Until we understand our enemy, the fire and the building we operate in, how can we expect not to get in trouble?
One in a third floor window ready to jump – or – Engines still carry ladders, don’t they?
Lloyd takes in a hazardous materials call in the borough of fire.
The Araguz LODD report fails to mention one area that could have made all the difference. It’s also doubtful that a RIC would have made a difference. Maybe it’s time we start looking at reports just as hard as we look at the incident.
It is difficult even to expect these guys to be aware the situation that surrounds their operation if they are not competent and confident in the duty they are performing.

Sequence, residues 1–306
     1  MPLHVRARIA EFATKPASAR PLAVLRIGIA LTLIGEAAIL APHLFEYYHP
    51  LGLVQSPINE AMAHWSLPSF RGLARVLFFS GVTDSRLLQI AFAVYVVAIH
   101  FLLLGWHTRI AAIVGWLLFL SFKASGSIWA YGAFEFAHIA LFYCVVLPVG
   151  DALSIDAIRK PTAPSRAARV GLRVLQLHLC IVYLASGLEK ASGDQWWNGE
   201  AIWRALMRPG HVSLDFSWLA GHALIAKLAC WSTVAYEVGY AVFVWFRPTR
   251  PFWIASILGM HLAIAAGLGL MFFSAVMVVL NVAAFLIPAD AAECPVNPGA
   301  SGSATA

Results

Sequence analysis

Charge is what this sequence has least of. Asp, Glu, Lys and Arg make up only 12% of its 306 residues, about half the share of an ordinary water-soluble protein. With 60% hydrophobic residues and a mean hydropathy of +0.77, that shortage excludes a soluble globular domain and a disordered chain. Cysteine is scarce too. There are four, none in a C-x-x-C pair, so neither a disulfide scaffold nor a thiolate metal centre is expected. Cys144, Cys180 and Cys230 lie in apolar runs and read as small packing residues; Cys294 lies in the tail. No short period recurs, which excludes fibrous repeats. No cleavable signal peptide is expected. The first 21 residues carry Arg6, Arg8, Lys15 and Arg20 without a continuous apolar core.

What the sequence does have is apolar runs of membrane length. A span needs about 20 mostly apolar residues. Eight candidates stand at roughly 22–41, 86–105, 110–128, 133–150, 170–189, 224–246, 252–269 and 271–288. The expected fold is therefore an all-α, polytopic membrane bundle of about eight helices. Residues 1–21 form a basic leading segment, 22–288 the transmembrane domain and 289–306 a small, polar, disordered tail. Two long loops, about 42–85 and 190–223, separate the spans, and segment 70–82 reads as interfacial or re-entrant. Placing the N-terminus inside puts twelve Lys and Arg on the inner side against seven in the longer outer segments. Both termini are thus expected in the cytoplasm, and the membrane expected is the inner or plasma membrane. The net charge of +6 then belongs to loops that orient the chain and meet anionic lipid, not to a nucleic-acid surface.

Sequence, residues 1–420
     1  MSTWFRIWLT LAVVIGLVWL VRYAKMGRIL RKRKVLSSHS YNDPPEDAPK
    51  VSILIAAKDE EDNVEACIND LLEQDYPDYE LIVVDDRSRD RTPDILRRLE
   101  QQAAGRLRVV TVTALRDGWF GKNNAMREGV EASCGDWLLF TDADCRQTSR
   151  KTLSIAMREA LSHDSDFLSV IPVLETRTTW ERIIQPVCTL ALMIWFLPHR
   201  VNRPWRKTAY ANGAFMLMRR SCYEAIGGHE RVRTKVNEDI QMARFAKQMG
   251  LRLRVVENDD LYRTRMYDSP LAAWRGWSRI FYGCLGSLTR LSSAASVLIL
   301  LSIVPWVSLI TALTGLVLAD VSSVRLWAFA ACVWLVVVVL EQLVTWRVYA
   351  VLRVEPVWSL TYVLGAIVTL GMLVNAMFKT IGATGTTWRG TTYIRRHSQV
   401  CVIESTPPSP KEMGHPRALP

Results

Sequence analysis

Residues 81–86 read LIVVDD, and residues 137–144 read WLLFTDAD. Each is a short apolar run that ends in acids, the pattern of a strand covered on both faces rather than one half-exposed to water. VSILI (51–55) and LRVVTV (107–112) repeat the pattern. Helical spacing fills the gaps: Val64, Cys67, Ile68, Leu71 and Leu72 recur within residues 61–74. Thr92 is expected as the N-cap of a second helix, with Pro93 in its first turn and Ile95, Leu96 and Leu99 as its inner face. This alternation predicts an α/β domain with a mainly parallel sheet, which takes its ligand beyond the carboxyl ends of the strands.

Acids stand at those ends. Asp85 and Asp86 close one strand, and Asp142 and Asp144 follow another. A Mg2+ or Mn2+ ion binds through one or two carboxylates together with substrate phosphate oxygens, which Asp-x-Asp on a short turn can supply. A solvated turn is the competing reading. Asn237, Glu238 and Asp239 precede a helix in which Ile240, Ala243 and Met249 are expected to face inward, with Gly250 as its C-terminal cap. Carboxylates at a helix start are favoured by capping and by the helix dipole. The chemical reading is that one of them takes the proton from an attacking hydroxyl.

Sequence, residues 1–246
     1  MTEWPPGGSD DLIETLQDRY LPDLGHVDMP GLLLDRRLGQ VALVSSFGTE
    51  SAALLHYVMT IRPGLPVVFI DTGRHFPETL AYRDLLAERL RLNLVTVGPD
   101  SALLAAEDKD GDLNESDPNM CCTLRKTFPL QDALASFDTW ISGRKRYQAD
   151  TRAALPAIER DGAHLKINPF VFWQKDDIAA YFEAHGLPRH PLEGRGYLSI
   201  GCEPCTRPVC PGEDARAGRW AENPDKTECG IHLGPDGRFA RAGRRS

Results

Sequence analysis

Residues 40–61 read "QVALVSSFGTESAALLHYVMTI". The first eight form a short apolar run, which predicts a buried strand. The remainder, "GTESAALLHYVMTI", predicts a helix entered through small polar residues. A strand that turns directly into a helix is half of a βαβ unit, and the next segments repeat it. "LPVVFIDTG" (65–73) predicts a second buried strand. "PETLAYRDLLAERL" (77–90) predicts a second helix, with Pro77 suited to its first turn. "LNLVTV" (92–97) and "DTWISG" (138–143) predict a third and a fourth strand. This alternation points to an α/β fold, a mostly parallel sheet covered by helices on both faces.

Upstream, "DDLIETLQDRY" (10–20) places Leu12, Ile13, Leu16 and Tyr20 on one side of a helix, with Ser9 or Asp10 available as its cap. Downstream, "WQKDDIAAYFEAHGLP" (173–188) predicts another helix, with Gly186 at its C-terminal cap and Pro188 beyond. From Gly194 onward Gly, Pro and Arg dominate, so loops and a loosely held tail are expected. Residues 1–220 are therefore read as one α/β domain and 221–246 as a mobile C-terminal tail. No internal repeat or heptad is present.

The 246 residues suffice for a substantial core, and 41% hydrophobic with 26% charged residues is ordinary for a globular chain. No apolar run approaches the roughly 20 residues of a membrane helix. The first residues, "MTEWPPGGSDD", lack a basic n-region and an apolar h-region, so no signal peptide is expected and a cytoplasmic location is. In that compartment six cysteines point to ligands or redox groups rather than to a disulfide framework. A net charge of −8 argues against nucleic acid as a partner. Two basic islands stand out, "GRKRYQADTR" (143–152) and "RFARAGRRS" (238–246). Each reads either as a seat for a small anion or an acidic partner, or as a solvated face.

There are rear tenements and then there are “rear tenements”. How would your department deal with this type of addition?
For 12 minutes, Incident Command has called for the victim and captain 10 times.
There is enough excitement and confusion already, if we arrive and start screaming, yelling nothing will get done.
Detroit’s new broom (Fire Commissioner) attempts to sweep clean (on vacant building fires) with the wrong word usage and flimsy policy.
If, as the research in victim survivability profiling states, firefighters die for victims that could be deemed unsurvivable then what do the actions cited and awarded today in New York City say?